Adaptive Clearing toolpaths look and work radically different than legacy CAM, as shown in Figure 4 below. Notice that the tool never engages more than the optimal load value regardless of its location in the pocket.

Figure-4
Figure 4: Adaptive Clearing Maintains Optimal Tool Load Throughout

Figure 5 shows how Adaptive Clearing enters the acute angle corners. Notice how the tool never engages more than the specified Optimal Load -eliminating the tool breaking condition illustrated in Figure 2.

Figure-5
Figure 5: Adaptive Clearing Eliminates Tool Breaking

Because Adaptive Clearing maintains constant tool engagement the tool can be used for pocket roughing using parameters recommended for heavy peripheral milling. This allows for a higher chip load and depth of cut; resulting in much higher feeds and volume removed. It also means reduced tool wear, since Adaptive Clearing uses the maximum possible depth of cut (ADOC) of the tool: up to 200% or more times the tool diameter (versus just 25-50% of the flutes for legacy CAM).

As illustrated in Figure 6, using more flute length means fewer depths of cut per operation. This combination of deeper cuts and higher feedrates explains why Adaptive Clearing reduces pocket, cavity and core roughing by an average of 40% while cutting tool wear up to half over legacy CAM toolpaths.

Figure-6
Figure 6: Adaptive Clearing Reduces Tool Wear by Using More of the Tool

TEST CASE

The part shown in Figure 7 was used to compare Adaptive Clearing with legacy CAM roughing operations. Part and tool parameters are listed in Tables 2 and 3 respectively. Machining data is from Table 1.

table-2
Table 2: Part Specifications

table-3

Table 3: Tool Specifications

Figure-7

Figure 7: Test Part

RESULTS

Adaptive Clearing toolpaths allow much higher feed rates (156 IPM vs. 65 IPM) and Axial Depth of Cut (.656 IN vs. .375 IN) than legacy CAM. Overall machining time was reduced from 2.63 MIN to 1.67 MIN (37% less).

table-4
Table 4: Results

HSMWorks toolpaths are exceptionally smooth with arc and/or helical on/off moves wherever possible. Because they evenly load the tool throughout the machining operation, the sound produced while machining with HSMWorks is far different than legacy CAM. Legacy CAM produces constantly changing pitch tones -from a growl to a squeal as the tool alternately overloads and chatters. HSMWorks toolpaths exhibit virtually no change in pitch: just a constant sound that says the tool is working at its optimal capacity. The sound is uncanny and truly unique in the CAM world. Experienced machinists will appreciate the significance of this constant sound and what it means in terms of tool life and part surface finish quality.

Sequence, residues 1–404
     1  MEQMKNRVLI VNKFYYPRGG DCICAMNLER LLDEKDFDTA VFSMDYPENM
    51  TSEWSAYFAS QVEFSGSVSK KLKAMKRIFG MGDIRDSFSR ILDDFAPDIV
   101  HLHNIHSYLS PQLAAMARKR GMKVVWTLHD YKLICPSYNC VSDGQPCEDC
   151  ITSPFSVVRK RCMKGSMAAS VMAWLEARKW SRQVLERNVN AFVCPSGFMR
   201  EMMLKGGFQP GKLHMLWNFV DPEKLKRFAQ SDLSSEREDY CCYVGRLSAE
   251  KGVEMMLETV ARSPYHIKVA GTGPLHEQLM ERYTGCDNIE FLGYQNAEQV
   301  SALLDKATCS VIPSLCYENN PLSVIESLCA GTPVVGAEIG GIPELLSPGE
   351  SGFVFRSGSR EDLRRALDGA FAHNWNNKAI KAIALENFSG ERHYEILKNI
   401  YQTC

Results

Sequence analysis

The previous example used a simple pocket to illustrate how Adaptive Clearing toolpaths because the effect is easier to illustrate and understand in 2D. However, you can expect similar results with far more complex geometry including cavities and cores with thousands of faces, as shown in Figure 8 below.

 

Figure-8
Figure 8: Single pass of Adaptive Clearing Toolpath on 3D Part

HSMWorks encourages potential customers to try the software before they purchase and provides a full working copy (post processing enabled) during this period. This will enable you to see for yourself how Adaptive Clearing toolpaths can help significantly reduce machining time and tooling costs.

  • Tags: Adaptive Clearing, High Speed Machining, HSMXpress

Categories: HSM Tips and Tricks